Suncorp New Zealand farewells our three TupuToa interns
15 February 2019
At the end of 2018, Suncorp New Zealand was proud to welcome three tertiary students into our organisation through the TupuToa internship programme.
Gladierosa Hanipale, Gabrielle Po-Ching and Paeohoro Simon
What made you sign up with TupuToa for an internship?
Gladie: I was drawn by what they could do for Māori and Pasifika students: opening up opportunities for them to work in a corporate space. Gaining work experience in a corporate office was something I wanted to do since I previously worked for a Not-For-Profit.
Paehoro: I went through the programme last year, and enjoyed the experience I gained from that internship. The vision of TupuToa also resonates strongly with me, which is building strong and resilient Maori business leaders.
Gabrielle: It’s also great to be involved in diversifying corporates in New Zealand and uplifting my fellow Māori and Pasifika peers - I know it can be daunting entering spaces where you are continuously a minority.
How did the internship compare to what you thought it would be like?
Paehoro: I am stoked with the work I have been given during my time at Suncorp. I’ve been able to transfer a lot of theory from university into practise, and some of my projects required me to communicate with the senior leadership team which was a big step out of my comfort zone. I am also grateful to have such a genuine and caring manager. He has help me grow in so many ways and been really supportive in helping me achieve personal goals while here.
Gladie: Everyone I’ve met and worked with are genuinely nice and keen to lend a hand when I’m stuck on anything. I’ve also learned a lot about Suncorp’s commitment to fulfilling its role as a corporate responsible citizen. I think that’s really cool and there’s a lot of work being done to achieve that goal that you don’t always see.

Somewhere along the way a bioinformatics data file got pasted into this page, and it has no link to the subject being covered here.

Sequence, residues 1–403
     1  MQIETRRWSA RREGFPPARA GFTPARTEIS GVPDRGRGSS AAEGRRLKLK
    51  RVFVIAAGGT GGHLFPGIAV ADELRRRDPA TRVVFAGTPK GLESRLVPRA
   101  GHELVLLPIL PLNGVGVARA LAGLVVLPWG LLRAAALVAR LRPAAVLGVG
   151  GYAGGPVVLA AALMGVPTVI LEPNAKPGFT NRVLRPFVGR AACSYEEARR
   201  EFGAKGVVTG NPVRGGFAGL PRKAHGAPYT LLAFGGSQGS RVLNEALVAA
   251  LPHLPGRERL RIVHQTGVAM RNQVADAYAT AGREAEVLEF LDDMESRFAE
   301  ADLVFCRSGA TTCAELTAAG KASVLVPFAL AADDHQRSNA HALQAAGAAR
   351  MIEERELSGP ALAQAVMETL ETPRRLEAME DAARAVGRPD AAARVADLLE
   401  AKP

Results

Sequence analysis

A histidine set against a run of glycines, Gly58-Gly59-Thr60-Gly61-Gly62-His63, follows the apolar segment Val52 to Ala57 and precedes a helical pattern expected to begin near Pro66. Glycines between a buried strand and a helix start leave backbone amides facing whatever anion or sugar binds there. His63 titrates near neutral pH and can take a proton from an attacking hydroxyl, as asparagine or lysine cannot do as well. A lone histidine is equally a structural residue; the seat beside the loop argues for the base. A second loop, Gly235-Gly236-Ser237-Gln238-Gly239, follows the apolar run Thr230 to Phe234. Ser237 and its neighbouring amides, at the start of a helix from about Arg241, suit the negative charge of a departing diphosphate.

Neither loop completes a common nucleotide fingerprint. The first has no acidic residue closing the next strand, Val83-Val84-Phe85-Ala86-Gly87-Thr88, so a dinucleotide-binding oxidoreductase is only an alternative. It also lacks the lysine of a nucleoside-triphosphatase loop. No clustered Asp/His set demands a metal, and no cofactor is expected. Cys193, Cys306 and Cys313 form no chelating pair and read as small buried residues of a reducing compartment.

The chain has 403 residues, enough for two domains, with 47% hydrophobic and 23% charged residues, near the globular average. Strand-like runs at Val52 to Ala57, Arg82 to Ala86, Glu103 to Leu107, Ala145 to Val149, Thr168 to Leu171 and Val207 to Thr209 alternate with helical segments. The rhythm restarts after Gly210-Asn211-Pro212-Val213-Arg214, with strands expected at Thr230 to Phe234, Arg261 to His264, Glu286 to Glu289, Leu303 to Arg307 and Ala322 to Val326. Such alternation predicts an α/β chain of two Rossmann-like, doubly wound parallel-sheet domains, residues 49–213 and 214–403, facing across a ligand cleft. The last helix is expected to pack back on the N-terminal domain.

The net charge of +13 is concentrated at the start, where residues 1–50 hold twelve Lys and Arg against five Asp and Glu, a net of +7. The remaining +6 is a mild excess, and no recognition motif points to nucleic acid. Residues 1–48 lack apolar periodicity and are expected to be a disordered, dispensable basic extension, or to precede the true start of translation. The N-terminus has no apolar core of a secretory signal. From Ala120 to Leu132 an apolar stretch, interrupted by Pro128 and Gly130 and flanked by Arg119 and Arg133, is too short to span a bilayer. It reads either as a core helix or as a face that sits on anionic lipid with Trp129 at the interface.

What did you do or learn at Suncorp?
Gabrielle: All three of us got to work on a big project in the corporate responsibility space, which taught me how to better collaborate and communicate, especially when you are not in the same office space as your peers.
Gladie: I agree, I think collaborating with people from different teams was very useful for my learning experience and doing various projects has been an eye opener on what I am capable of and what more I can learn from others.
Paehoro: I agree, and the group also taught me how to share workload with others! I’ve learned I tend to be a people pleaser and would rather do the majority of it myself.
What do you think that big corporates need to do to attract and retain Māori and Pasifika employees?
Paehoro: Welcoming TupuToa interns into a business is just the tip of the iceberg – I think it’s important for corporates to put effort into recognising the needs of all cultures - for example celebrating Diwali, Chinese New Year, Matariki, Samoan language week.
Gladie: I agree – for many ethnic groups there is an issue with the lack of presence. It sounds silly but seeing others wear their culture or using Te Reo or Pasifika languages in daily greetings makes me feel proud.
Paehoro: Yes, simple things like that can make employees feel valued within their organisation and gives them the opportunity to feel proud of their cultural background.
Gabrielle: Even small things like promoting the use of non-English greetings in emails or at the beginning of a meeting, or having Te Reo translations of posters around the office, make a difference. I really appreciated my own manager using more reo in conversations since I started here.
What would you say to other Māori and Pasifika students who are thinking of signing up with TupuToa?
Gladie: Don’t let the fear of rejection stop you from pursuing an opportunity such as TupuToa! If I had listened to all my insecurities and fears of not being qualified, or not having enough work experience, I wouldn’t have had the opportunity to do this internship at Suncorp. And when you’re out there, be a sponge and learn as much as you can!
Gabrielle: TupuToa is an amazing platform for young Māori and Pasifika to gain exposure in a world where they may not have necessarily have seen before, but I would tell them to be comfortable with being uncomfortable. You will be put into situations where you may have to learn everything on the spot, but it will only ever make you stronger in corporate spaces. I would also say take every opportunity that comes your way to develop yourself, and always think of a question to ask, as you will never know how much you understand something until there is no one around to help you.
Paehoro: TupuToa is such a valuable experience it’s hard to put it into words. Through this programme, you are able to gain insight and exposure into corporate organisations where you may not be able to do that elsewhere. You need to expect the unexpected and be ready to step out of your comfort zone and grow. Corporate life may be unfamiliar to us, but TupuToa is working hard at breaking down those walls so why wouldn’t you jump on board and be part of this movement?